These are the things I say or do. While in France or some other country in the neighborhood. Enjoy.

Tuesday, March 14, 2006

Drinking With Students

On Saturday night, I went out to a couple of bars with the German assistant, Mirja, and an English assistant from another school, Lucy. First we hung out at a cool bar I've never been too, called the Camp Gouru (supposed to be a play on words, sounds like Kangaroo and has an Aussie theme). They played good music, like Bad Religion, System of a Down, Manu Chao and such. There were also young people there, and not young like my students young, but young like me young. After chilling there we went to another, called the Batonga.

Upon walking in I noticed a group of seven of my Terminale students (equivalent to seniors in high school). They invited me to sit down with them. We had a few beers with them while talking in French the whole time. I think they loved being able to teach me some verlangue (slang in which you inverse the way a word is pronounced - for example, merci becomes ci-mer, etc) and listening to me struggle with conjugating verbs as they do in English. They are all bright, mature kids for being 18 and we had a lot of discussions about French politics (especially the CPE I wrote about below), American pop culture and a teacher at Lycée Claude Monet that all the girls have a crush on.

It was odd at first to be downing a Heineken with these people that I normally see in a purely professional manner. I myself have always been a bit chummy with my professors and teachers, and regularly had a cup of coffee with them or went over to their house for dinner even while being graded by them in a class. I had never envisioned myself on the other side, though, being the person that the kids were bashful of mentioning drug use or sex in front of. The lines of authority we draw between teachers and students, adults and children exist outside the institutions which give them power. Students tend to dehumanize their teachers because they only see them in a classroom for a short amount of time each day. The teacher also has the role of making the students learn, whether either party wants to do so that day or not. This makes it such that the teacher is seen not as someone with fears, feelings, and possibly a screwed up life outside the classroom, but an authoritative figure to be a bit feared and respected.

As an assistant, I'm somewhere in the middle. I don't have the power of grading any of the students, nor the knowledge of their language sufficient enough to comprend entirely what's going on all the time in class. They do have a certain amount of respect for me because they think I'm funny and the things I teach are usually interesting on the level of pop culture or singular ideas from a country they revere and mimic. Thus, I think they invited me over to get to know me better, to try and dissolve that line between us. I am more than willing to do so, but realize that I can never truly be their good friend as long as I am an employee of their school. They invited me to come along to the house of one of the students, at 1am, while his parents were out of town and everybody in the group had told their parents, "Yeah, it's cool with S-----'s parents if I stay the night at his house." I decided it would be a bad idea if something were to happen and two of the assistants were at a student's house without or against the permission of his parents. So here the line again became evident.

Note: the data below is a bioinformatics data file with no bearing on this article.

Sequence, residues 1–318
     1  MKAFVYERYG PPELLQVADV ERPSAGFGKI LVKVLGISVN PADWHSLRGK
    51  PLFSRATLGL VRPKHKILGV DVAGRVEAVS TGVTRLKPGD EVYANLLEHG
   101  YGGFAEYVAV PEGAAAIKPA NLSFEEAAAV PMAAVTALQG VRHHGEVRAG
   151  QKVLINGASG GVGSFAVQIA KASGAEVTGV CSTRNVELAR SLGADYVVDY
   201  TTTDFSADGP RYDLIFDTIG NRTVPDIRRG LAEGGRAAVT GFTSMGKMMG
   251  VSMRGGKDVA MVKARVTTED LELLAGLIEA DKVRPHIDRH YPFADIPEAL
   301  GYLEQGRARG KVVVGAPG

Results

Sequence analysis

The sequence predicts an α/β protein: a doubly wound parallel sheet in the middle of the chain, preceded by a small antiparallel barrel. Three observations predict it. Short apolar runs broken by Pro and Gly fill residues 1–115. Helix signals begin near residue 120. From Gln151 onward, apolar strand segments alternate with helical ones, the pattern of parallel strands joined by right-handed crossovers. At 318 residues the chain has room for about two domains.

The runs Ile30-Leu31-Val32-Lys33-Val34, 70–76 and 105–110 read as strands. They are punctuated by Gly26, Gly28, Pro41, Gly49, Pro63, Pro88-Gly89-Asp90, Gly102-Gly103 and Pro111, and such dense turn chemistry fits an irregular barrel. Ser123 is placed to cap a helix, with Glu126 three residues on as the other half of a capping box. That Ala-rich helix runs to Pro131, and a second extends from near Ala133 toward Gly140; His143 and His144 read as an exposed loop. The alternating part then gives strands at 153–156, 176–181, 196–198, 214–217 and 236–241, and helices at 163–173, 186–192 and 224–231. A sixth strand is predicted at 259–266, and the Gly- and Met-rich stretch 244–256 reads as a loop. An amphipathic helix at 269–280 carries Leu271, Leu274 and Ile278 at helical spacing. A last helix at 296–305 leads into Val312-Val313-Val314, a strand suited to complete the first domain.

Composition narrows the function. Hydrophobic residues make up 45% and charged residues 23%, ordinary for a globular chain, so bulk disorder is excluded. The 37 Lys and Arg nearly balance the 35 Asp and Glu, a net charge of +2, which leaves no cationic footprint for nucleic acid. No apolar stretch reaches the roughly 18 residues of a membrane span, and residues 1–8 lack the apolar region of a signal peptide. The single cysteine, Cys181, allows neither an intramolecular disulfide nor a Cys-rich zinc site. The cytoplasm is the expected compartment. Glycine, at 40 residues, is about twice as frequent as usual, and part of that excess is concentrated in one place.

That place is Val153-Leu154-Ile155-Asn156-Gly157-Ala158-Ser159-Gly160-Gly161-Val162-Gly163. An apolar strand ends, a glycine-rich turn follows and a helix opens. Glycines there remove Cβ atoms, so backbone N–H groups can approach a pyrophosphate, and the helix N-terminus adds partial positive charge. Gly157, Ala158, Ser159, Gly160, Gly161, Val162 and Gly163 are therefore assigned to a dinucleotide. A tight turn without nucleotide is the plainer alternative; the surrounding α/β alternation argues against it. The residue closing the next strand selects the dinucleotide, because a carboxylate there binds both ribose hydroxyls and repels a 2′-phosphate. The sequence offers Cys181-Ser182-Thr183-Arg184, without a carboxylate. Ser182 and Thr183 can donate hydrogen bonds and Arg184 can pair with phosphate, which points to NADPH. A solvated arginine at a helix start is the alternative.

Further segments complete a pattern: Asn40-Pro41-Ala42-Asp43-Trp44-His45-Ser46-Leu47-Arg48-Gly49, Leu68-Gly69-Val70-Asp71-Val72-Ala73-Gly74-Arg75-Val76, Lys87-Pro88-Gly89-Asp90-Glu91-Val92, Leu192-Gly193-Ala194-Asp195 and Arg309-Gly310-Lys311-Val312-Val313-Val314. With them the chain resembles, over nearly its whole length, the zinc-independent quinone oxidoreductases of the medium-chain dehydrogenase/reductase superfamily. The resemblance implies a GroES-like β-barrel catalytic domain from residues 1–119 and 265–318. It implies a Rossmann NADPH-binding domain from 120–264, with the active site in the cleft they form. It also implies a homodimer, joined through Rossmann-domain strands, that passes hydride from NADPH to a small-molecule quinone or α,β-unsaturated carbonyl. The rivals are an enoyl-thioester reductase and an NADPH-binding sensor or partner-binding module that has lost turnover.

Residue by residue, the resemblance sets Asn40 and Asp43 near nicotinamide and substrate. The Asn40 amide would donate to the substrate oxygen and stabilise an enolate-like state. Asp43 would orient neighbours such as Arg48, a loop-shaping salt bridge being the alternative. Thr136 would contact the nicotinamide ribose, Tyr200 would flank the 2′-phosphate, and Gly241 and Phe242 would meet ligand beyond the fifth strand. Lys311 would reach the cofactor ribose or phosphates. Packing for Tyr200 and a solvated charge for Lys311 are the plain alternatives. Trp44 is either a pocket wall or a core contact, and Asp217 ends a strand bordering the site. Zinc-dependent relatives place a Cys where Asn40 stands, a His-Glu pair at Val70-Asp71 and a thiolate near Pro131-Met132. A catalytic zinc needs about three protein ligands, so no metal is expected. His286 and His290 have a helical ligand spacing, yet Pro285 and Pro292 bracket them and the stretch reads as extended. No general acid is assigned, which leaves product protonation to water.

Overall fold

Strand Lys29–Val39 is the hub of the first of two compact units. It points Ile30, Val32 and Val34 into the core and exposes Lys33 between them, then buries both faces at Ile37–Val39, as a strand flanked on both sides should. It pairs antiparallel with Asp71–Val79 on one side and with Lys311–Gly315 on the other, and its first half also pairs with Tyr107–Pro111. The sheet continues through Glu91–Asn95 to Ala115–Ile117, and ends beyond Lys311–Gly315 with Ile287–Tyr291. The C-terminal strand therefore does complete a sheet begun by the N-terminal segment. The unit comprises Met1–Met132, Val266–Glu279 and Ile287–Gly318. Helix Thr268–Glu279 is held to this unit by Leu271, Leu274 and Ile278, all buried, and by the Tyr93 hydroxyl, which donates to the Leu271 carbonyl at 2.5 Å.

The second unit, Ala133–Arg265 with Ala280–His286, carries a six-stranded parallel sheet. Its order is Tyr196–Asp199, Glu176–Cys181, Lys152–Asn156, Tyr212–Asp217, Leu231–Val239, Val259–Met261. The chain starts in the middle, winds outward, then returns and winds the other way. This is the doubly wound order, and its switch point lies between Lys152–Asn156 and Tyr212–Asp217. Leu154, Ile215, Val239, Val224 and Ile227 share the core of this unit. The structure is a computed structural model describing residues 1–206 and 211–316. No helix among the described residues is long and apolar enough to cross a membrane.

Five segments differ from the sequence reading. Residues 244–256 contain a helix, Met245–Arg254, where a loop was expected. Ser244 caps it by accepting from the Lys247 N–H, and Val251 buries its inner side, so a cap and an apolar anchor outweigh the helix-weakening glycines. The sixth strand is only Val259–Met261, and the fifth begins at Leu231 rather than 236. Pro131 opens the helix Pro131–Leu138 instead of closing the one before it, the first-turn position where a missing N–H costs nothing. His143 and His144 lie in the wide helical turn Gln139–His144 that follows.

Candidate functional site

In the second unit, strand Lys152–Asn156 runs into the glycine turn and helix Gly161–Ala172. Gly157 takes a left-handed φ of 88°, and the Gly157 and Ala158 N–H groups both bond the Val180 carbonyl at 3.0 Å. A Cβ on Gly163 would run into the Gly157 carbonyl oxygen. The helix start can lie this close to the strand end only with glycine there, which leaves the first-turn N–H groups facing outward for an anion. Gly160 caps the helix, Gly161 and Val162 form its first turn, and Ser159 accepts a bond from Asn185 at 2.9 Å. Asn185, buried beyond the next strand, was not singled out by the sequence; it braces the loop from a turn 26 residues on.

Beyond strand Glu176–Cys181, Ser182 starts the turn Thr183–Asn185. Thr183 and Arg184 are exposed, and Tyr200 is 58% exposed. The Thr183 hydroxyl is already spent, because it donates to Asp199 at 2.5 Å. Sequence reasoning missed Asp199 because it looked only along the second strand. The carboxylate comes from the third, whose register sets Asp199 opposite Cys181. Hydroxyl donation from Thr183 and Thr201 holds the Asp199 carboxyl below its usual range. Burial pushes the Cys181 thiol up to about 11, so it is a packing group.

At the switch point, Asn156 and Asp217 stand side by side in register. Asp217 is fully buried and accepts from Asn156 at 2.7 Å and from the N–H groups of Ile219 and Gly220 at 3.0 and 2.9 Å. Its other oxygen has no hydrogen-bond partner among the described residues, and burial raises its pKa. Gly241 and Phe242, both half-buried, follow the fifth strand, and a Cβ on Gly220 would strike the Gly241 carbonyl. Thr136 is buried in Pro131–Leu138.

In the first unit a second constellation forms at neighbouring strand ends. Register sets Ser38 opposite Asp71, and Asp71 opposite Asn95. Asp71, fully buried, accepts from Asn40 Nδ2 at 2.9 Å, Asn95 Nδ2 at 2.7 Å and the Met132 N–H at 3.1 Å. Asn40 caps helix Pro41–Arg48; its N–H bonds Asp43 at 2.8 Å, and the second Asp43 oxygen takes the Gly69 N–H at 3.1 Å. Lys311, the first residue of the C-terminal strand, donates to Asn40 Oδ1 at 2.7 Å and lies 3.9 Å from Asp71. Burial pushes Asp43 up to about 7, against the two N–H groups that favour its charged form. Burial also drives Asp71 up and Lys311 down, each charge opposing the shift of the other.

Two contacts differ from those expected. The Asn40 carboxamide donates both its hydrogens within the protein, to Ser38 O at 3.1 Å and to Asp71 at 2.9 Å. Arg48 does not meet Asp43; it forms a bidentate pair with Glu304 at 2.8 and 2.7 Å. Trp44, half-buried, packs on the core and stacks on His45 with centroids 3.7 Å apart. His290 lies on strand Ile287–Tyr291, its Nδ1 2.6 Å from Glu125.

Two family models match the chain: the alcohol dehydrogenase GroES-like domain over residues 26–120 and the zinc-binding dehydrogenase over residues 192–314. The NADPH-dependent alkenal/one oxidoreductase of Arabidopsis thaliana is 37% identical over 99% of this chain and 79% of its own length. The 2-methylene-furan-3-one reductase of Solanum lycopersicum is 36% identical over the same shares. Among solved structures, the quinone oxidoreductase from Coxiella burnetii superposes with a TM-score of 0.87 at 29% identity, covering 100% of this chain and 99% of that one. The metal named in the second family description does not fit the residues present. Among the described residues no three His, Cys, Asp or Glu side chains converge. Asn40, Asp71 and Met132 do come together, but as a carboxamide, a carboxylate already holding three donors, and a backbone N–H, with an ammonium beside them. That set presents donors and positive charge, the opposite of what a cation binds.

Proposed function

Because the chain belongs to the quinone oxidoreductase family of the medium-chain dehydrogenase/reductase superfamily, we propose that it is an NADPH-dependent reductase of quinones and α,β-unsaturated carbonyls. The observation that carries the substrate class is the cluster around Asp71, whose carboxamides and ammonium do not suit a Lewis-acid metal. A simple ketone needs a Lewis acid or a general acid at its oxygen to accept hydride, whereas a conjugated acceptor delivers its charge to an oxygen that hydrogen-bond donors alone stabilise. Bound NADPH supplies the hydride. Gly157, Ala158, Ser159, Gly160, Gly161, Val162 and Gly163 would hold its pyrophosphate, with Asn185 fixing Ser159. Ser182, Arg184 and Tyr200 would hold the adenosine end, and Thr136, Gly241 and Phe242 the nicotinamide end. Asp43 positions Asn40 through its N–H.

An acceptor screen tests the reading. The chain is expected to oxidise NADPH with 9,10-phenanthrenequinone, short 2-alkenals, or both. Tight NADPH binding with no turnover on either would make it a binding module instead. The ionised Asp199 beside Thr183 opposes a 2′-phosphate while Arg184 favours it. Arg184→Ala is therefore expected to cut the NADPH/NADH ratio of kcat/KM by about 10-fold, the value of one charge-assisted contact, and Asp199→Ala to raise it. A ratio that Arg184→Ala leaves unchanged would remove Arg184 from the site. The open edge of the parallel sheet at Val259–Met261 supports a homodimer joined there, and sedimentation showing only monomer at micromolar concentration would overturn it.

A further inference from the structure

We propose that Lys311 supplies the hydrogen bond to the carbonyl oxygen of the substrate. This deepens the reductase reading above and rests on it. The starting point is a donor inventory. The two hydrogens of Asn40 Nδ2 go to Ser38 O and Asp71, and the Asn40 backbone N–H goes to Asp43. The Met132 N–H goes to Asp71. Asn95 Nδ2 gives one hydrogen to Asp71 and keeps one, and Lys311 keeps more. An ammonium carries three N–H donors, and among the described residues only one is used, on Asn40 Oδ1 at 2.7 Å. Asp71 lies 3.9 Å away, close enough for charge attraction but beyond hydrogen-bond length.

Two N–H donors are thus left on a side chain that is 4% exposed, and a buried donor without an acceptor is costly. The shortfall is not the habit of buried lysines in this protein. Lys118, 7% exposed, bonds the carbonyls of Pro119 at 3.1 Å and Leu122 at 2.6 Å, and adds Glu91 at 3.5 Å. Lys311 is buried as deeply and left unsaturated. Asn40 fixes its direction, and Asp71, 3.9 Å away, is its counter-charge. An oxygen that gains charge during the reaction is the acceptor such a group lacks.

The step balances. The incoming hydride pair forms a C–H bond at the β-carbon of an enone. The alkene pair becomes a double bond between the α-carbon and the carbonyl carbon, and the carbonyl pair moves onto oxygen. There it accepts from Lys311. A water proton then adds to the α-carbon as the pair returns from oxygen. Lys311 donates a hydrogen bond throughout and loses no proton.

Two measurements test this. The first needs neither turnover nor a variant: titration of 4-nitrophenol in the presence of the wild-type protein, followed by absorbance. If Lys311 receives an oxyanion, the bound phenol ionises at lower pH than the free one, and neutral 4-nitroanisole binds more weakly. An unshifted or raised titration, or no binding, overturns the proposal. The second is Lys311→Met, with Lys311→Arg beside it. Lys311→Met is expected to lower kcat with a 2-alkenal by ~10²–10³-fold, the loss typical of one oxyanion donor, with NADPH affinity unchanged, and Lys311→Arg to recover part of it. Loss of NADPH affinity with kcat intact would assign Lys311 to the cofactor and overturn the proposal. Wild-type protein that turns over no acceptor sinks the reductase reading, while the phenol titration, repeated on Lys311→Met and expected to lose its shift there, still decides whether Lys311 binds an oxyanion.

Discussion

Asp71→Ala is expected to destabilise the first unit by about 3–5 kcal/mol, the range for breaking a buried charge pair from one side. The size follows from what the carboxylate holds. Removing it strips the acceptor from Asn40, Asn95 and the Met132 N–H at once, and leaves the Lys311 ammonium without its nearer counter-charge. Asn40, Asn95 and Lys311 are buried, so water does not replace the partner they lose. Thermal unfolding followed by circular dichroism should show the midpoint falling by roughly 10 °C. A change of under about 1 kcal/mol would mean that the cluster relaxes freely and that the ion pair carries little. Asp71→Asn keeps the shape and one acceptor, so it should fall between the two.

Yet, at the same time, another student of mine, whom I no longer have because the class had to get exposure to the English assistant's accent, sent me a song he wrote in English to correct. This student was always telling me about concerts going on in Le Havre, cool things to do in Poland, etc. The song he sent is very personal and angsty, has some bad words and is something I would expect from a boy of 15 experiencing the first throes of woe and passion that come with puberty and meeting that alien species commonly known as girls. I feel honored in many respects that he chose to let me see it and, above all, critique the grammar of it. It tells me that he trusts me not to judge him for his feelings - which I don't - and not find fault in the way that he expresses himself. So again, the line dissolves, I am not just a teacher but someone in which to confide and trust on a deeply personal level.


Blogger Michael Faris said...

Wow, Nick. You're having wonderful experiences there! It's always awesome to break down that teacher-student line (without going too far) and know that you've created a relationship where that student felt comfortable sharing something so close to him, and written in a second language. Rad beans!

3/14/2006 08:25:00 AM


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